Q3 APUSH key terms and people Ch. 28
Terms in this set (17)
The most eminent woman in the muckraking movement and one of the most respected business historians of her generation. In 1904 she earned a national reputation for publishing a scathing history of the Standard Oil Company, the "Mother of Trusts." Two years later she joined Ray Stannard Baker, William Allen White, and other muckrakers in purchasing The American Magazine, which became a journalistic podium in their campaign for honest government and an end to business abuses.
Danish-born police reporter and pioneering photographer who exposed the ills of tenement living in his 1890 book illustrated with powerful photographs, How the Other Half Lives. His work led to the establishment of "model tenements" in New York City.
Hailing from Wisconsin, he was one of the most militant of the progressive Republican leaders. He served in the Senate and in the Wisconsin governor's seat and was a perennial contender for the presidency, keeping the spirit of progressivism alive into the 1920s.
Law passed by Congress to impose penalties on railroads that offered rebates and customers who accepted them. The law strengthened the Interstate Commerce Act of 1887.
Name applied by President Taft's critics to the policy of supporting U.S. investments and political interests abroad. First applied to the financing of railways in China after 1909, the policy then spread to Haiti, Honduras, and Nicaragua. President Woodrow Wilson disavowed the practice, but his administration undertook comparable acts of intervention in support of U.S. business interests, especially in Latin America.
Meat Inspection Act
A law passed by Congress to subject meat shipped over state lines to federal inspection. The publication of Upton Sinclair's novel The Jungle earlier that year so disgusted American consumers with its description of conditions in slaughterhouses and meatpacking plants that it mobilized public support for government action.
Pure Food and Drug Act
A law passed by Congress to inspect and regulate the labeling of all foods and pharmaceuticals intended for human consumption. This legislation, and additional provisions passed in 1911 to strengthen it, aimed particularly at the patent medicine industry. The more comprehensive Food, Drug, and Cosmetic Act of 1938 largely replaced this legislation.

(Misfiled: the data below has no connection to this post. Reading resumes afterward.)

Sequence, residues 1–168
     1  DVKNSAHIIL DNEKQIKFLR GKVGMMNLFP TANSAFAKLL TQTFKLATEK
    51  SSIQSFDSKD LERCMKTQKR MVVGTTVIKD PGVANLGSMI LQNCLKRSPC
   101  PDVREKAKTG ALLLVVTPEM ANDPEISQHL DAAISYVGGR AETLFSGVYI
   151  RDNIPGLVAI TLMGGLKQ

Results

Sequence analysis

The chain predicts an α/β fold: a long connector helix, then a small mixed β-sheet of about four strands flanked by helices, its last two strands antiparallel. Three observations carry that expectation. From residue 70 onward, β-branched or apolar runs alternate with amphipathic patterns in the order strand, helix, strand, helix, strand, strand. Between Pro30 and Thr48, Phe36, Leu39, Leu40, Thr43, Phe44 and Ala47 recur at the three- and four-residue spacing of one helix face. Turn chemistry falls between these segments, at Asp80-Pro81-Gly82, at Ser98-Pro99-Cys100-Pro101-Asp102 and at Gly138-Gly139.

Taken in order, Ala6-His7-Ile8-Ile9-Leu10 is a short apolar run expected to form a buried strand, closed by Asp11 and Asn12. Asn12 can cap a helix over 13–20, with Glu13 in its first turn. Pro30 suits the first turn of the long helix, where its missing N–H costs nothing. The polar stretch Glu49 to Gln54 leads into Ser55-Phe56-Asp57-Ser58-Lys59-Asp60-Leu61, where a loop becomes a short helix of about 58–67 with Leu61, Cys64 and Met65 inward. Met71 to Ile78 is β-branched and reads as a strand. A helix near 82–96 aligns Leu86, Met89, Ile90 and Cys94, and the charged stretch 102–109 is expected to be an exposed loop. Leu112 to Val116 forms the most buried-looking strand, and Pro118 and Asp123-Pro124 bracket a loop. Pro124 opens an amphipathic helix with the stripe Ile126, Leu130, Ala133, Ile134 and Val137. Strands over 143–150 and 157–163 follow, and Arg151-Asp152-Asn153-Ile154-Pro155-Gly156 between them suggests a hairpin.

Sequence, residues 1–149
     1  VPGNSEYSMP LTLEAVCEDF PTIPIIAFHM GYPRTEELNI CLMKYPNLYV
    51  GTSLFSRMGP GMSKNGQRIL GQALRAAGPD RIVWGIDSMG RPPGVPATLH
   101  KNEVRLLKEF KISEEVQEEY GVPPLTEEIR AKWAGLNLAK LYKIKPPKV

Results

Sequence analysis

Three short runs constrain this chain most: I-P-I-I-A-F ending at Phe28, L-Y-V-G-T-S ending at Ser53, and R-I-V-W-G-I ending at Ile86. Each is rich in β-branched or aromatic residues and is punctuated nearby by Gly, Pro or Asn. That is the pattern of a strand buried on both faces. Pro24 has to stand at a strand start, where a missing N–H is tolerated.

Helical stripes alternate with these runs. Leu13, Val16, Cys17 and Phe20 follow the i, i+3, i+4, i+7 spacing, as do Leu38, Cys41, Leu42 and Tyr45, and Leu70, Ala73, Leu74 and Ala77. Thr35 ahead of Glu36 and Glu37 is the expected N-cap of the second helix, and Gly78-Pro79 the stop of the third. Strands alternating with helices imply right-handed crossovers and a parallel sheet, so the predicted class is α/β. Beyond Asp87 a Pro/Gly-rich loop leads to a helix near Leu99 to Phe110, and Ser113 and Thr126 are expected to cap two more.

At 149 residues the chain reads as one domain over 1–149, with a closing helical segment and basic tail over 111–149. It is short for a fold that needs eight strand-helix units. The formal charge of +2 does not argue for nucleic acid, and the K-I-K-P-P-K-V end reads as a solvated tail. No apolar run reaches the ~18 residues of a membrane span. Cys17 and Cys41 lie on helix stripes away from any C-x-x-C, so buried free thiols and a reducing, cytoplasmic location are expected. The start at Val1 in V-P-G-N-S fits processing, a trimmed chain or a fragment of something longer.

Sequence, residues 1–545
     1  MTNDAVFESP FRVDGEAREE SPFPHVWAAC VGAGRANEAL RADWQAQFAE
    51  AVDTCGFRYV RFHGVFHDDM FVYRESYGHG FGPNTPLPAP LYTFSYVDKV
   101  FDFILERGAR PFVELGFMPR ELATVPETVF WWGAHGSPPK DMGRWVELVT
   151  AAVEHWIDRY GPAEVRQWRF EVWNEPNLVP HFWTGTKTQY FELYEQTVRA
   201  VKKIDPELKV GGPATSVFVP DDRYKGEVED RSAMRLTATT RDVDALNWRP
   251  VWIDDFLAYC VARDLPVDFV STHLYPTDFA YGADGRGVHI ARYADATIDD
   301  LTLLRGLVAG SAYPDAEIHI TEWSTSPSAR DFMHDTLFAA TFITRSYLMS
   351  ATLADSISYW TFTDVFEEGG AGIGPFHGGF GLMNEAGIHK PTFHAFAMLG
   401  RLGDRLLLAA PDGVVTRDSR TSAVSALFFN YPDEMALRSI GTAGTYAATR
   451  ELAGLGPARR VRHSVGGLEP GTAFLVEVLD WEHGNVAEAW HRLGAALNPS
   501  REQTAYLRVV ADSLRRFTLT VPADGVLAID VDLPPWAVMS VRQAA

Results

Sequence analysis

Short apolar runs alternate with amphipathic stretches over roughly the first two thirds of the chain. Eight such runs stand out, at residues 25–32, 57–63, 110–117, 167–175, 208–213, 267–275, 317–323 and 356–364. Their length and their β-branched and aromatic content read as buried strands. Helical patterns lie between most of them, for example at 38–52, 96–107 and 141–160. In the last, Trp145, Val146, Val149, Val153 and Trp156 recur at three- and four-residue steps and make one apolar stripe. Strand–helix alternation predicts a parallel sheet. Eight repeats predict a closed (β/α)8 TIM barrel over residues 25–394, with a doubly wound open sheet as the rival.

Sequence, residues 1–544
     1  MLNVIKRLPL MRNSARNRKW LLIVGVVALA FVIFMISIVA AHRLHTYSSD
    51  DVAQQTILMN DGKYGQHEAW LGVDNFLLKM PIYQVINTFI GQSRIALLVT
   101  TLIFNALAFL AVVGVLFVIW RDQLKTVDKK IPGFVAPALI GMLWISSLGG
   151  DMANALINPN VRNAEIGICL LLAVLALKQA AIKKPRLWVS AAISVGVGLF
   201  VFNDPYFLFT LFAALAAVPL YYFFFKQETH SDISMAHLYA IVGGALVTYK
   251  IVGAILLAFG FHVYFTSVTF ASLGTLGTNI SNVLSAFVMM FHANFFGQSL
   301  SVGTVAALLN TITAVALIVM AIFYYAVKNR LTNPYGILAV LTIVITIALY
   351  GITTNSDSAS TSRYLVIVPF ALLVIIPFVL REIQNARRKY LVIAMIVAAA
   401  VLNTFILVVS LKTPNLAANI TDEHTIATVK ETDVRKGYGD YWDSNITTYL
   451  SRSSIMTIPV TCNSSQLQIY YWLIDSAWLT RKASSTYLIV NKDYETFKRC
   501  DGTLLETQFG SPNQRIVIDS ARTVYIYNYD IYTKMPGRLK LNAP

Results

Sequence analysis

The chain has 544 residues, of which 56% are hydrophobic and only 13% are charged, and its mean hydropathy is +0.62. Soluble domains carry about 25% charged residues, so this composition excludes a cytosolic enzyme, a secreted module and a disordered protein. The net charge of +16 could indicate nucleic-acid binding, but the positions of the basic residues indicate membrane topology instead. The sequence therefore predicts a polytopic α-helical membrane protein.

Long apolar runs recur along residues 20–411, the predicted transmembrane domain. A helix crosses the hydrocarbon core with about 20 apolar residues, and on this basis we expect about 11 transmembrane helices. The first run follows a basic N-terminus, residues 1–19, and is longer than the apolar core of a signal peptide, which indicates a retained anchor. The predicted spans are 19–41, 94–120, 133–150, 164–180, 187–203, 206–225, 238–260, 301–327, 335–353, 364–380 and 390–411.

Bright young reporters at the turn of the twentieth century who won this unfavorable moniker from Theodore Roosevelt, but boosted the circulations of their magazines by writing exposés of widespread corruption in American society. Their subjects included business manipulation of government, white slavers, child labor, and the illegal deeds of the trusts, and helped spur the passage of reform legislation.
While intended to lower tariff rates, this bill was eventually revised beyond all recognition, retaining high rates on most imports. President Taft angered the progressive wing of his party when he declared it "the best bill that the Republican party ever passed."
muckraker who shocked the nation when he published The Jungle, a novel that revealed gruesome details about the meat packing industry in Chicago. The book was fiction but based on the things he had seen.
direct election of senators by the voters instead of their election by state legislatures.
Prohibited the manufacture, sale, and distribution of alcoholic beverages.
restricted railroad "free passes" and expanded the Interstate Commerce Commission to include in its powers the prosecution of express companies, sleeping-car companies, and pipelines. For the first time gave the ICC that ability to nullify existing rates and set maximum rates.
Successor of Roosevelt; Different views than Teddy, but still a progressivist; Passed Sixteenth Amendment
A famous Muckraker, this man published "The Shame of the Cities" in "McClure's" Magazine, an article exposing corrupt alliances between corporations and local governments
let fed. gov. collect money from the sale of lands in the west & use the money for irrigation projects
Secretary of Interior opened public lands in Wyoming, Montana, and Alaska against Roosevelt's conservation policies. Chief of Forestry supported former President Roosevelt and demanded that Taft dismiss Secretary of Interior. Taft, who supported Secretary of Interior, dismissed Chief of Forestry on the basis of insubordination. This divided the Republican Party.